The San Diego Padres didn’t really buy or sell during that pennant race and made another curious decision last week when they didn’t offer Ross a contract for 2017. MLB Trade Rumors projected Ross would have made $9.6 million during his final year in the arbitration system.
After issues involving his right shoulder wiped out almost his entire season, Ross underwent surgery in October to address thoracic outlet syndrome.
Ross was San Diego’s Opening Day starter during a 15-0 loss to the Los Angeles Dodgers, but didn’t pitch again, clouding a future that once had him looking like a trade-deadline chip and one of the best pitchers in the free-agent class after the 2017 season.
That’s when Jake Arrieta will be looking for his megadeal and John Lackey might be in retirement and Jon Lester will be turning 34. That’s why the Cubs are so focused on pitching this winter and trying to balance out an organization tilted toward hitters.
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Kyle Hendricks proved he will be a pitcher to build around – and the Cubs believe Mike Montgomery can evolve from a swingman into a fifth starter and maybe something far more valuable – but depth is a real issue.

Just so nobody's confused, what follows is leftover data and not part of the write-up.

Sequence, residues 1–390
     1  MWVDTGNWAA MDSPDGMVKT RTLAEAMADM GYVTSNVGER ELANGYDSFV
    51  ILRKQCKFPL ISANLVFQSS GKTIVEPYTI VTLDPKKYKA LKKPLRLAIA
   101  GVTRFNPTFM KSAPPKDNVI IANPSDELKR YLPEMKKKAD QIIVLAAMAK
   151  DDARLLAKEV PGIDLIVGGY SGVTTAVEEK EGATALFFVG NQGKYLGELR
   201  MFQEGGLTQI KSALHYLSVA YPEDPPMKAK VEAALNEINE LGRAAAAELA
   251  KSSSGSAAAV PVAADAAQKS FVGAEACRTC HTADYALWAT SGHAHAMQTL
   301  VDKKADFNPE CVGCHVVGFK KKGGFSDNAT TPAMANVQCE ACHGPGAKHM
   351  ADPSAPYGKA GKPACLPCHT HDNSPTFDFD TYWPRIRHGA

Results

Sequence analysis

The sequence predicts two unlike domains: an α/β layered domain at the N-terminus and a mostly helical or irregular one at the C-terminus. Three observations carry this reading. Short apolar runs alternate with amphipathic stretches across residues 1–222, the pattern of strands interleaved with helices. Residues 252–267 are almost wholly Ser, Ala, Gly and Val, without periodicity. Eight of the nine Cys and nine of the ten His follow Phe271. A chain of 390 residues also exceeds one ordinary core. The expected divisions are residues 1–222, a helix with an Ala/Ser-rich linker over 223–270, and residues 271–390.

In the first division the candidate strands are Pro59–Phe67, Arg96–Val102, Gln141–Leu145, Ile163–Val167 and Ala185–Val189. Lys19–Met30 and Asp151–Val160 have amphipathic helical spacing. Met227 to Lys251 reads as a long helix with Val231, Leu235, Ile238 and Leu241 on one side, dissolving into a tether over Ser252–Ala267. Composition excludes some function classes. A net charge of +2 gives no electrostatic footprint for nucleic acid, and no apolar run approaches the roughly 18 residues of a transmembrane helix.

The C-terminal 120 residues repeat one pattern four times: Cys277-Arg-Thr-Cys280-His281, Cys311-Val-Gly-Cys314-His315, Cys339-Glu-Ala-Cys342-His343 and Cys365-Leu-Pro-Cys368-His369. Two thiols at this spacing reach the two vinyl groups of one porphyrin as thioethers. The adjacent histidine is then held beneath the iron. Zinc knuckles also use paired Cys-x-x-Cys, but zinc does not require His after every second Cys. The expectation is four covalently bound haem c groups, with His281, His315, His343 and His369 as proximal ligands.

Ross made 30-plus starts in 2014 and 2015, when he earned an All-Star selection and accounted for almost 400 innings combined. He will turn 30 in April and is seen as a positive force within the clubhouse. He has a 6-foot-6 frame, a second-round-pick pedigree and a Cal-Berkeley education.
Reports have already linked the Texas Rangers and Pittsburgh Pirates to Ross and not completely ruled out a return to San Diego. During an offseason where the free-agent market is essentially devoid of reliable frontline starters, there could be sticker shock, even with a rehabbing pitcher.
Trading for Wade Davis meant the Cubs were out of the bidding for Greg Holland, another All-Star closer who helped turn the Kansas City Royals into World Series champions. Holland spent this year recovering from Tommy John surgery on his right elbow, but he will still be in position to capitalize after Mark Melancon, Aroldis Chapman and eventually Kenley Jansen reset the market for closers.
With Ross, the Cubs will have to get a better sense of the medical picture and the price for all that upside.
Beyond a winning culture, the Cubs can sell the pitching infrastructure that helped turn Arrieta into a Cy Young Award winner and transform Hendricks into an ERA leader and keep the rotation remarkably healthy.
“Those really talented pitchers are going to be in demand, even those that are coming off an injury,” Cubs president Theo Epstein said this week at National Harbor. “We’ll stay engaged on some of those guys, but they’ll have to be just the right talent.
“We’ll have to feel good about the medical and the return to play. And the fit on the club would have to be right, too. But the true elite guys have a real market, even if they’re coming off down seasons.”